What are the Qualities of a Good Manager?
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Whether you are a senior leader, a manager or supervisor of people, you have the greatest job and the most difficult responsibility imaginable. People who mangers others are in a direct position to affect their performance. They can add to people’s success and that of their organizations. You hire people. You train people. You fire people. You plan projects. You delegate work, and you motivate your team.
Would you say this is so important and of such great value that companies devote significant resources to training their managers?
Wrong. It is a sad commentary that most “management training” tends to be on things, process, policy, corporate goals, etc. So what’s the problem? The problem is that successful management means getting important work done through others…it’s a people business and far to little development for managers is provided in the people side of managing.
Management success = People Skills
Most new managers are just assumed to have the people skills. They are usually selected because of their outstanding track record as an individual producer. Someone who got results doing their work, as opposed to leading others. These performers can be great managers, but they need training. There are a lot of good resources available and many that over-promise and under-deliver.
Obtaining long term management success is really a journey into people skills. New managers would do well to devote considerable thought and effort at getting better every day in this area. This involves understanding and managing others. Focus on the core people management skills that form the competencies needed to lead and manage. These skills are universal but not universally taught. Let’s explore three of the most important.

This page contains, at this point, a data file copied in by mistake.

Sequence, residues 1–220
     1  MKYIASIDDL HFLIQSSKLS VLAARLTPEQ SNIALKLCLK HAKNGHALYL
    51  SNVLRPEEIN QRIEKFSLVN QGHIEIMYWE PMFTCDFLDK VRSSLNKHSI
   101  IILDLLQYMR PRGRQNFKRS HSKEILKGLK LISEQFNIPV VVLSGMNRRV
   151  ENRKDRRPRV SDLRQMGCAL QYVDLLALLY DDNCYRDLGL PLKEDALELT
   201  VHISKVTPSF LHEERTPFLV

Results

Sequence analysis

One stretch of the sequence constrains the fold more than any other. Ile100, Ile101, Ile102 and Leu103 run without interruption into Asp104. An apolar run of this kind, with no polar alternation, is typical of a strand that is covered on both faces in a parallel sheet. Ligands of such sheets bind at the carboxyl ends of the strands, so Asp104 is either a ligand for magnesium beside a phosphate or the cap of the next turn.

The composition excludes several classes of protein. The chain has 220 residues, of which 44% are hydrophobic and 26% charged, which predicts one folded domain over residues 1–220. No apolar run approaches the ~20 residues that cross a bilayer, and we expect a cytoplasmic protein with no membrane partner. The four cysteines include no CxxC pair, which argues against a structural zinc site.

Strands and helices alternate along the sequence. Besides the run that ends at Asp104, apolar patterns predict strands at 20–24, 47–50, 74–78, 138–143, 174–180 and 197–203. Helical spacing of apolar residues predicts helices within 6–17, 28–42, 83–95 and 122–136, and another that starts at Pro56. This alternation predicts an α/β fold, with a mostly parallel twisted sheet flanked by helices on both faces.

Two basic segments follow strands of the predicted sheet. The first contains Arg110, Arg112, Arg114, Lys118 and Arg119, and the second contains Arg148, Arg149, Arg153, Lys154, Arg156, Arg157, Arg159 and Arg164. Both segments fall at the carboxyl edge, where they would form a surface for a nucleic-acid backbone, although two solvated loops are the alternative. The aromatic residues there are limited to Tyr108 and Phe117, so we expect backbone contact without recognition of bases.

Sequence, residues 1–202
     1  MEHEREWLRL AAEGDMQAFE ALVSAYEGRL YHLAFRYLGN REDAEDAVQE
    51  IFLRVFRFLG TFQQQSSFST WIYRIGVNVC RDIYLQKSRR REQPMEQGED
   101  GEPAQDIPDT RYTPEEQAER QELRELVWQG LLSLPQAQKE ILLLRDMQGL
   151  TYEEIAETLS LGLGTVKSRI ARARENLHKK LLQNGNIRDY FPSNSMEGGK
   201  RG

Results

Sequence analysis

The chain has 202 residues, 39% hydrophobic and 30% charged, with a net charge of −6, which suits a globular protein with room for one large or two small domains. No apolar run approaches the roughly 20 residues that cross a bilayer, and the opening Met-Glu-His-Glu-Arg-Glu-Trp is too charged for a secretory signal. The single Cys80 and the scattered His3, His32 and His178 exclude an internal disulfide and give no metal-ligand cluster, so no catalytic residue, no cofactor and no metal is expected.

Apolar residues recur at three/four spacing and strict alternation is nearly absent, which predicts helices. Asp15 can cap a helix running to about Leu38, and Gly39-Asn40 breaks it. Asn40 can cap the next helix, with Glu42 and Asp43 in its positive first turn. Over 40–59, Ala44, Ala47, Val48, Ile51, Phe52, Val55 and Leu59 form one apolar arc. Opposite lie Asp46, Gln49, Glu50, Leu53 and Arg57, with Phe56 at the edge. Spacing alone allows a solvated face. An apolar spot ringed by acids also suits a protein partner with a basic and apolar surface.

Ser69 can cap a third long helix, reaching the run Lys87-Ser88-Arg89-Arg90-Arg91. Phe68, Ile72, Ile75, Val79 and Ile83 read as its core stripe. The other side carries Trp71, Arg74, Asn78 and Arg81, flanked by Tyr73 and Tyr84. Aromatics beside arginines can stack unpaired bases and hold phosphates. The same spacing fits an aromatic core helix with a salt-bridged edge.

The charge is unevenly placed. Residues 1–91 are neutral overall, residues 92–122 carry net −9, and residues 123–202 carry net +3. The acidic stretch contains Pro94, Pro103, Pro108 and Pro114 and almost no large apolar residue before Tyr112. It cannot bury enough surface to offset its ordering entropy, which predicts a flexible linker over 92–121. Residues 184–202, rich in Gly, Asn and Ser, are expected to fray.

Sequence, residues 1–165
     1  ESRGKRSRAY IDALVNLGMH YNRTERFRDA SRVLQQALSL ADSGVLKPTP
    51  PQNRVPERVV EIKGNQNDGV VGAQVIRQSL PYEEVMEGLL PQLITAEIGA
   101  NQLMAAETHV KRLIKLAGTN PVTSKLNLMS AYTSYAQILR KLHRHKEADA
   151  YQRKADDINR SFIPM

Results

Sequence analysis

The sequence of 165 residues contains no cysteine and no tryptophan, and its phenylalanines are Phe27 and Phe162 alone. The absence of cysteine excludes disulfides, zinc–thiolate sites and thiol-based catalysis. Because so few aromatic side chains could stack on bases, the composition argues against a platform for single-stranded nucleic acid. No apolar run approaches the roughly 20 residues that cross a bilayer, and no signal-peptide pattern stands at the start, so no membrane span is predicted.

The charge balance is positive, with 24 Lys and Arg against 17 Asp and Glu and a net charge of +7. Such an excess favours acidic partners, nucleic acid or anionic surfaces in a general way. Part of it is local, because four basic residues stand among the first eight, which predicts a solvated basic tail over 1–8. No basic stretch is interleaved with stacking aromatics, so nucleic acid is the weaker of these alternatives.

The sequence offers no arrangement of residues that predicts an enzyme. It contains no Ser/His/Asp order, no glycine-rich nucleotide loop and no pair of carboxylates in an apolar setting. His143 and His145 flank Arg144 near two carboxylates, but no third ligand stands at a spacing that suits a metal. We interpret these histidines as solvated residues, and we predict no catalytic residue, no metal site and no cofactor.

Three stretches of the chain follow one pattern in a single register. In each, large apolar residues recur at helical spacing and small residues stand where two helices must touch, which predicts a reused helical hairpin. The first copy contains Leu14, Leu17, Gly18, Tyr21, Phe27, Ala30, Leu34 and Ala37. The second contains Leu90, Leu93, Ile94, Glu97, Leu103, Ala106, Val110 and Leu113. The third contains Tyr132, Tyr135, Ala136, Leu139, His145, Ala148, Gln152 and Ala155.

Communication: Seems obvious but advanced skills and abilities are acquired by both training and experience. Managing the people side of leadership requires the ability to delegate work by understanding how to communicate to each individual. If your company does not have focused training in the art of communication, then seek it out yourself. There are many good programs and classes but don’t fall for the quick-fix solutions. Check them out and make sure they are relevant. The manger must take the initiative. Don’t wait or ignore this critical area.
Identify and seek out experienced managers who are known for effectively communication to their people. Locate other successful managers and ask to meet to discuss your development. Be prepared with questions that focus on the basis areas of management communication such as delegating assignments and performance management a coaching.
Inquire as to, how different people might require different approaches to communication. See what communication obstacles these successful managers have faced and what solutions and methods were best suited. Where appropriate, consider asking one of these managers to “mentor” you for a period of time as you learn effective communications to lead your team. If not a true mentoring relationship, ask if you can consult with them periodically with questions.
Managers Must Really Know their People
Successful managers know their people and really understand them. They build professional work relationships by getting to know how they work, how they communicate, what they like and don’t like and whether they tend to work alone or in groups. This is a matter of frequent interaction. This does not take a lot of time, but your interest is a significant indicator to people of your commitment to helping them grow.
Why is this so critical?
This knowledge based relationship is at the heart of communication. When you manage people and delegate assignments to them, it is critical to see things through their perspective. Talk to them at their level and treat them as individuals. The feeling this elicits is a powerful motivator.
The important lesson here is that these three areas of development are high-impact. They make a difference. These are skills and abilities that every manager can pursue on their own. You don’t need to depend on anyone but yourself to provide what you really need. This holds most managers back. They think if it’s important, surely the company will provide training. Are you kidding me? The track record here is not good.
When you are, given the responsibility to manage others, the skills of communication, seeking mentors and developing a relationship with your team, these are game breakers. You need to take the initiative to find the training yourself. The pay-off over the long haul is huge. Building a reputation as a manager who leads people and can be counted on to get things done effectively holds untold power. Why would you leave that to anyone else?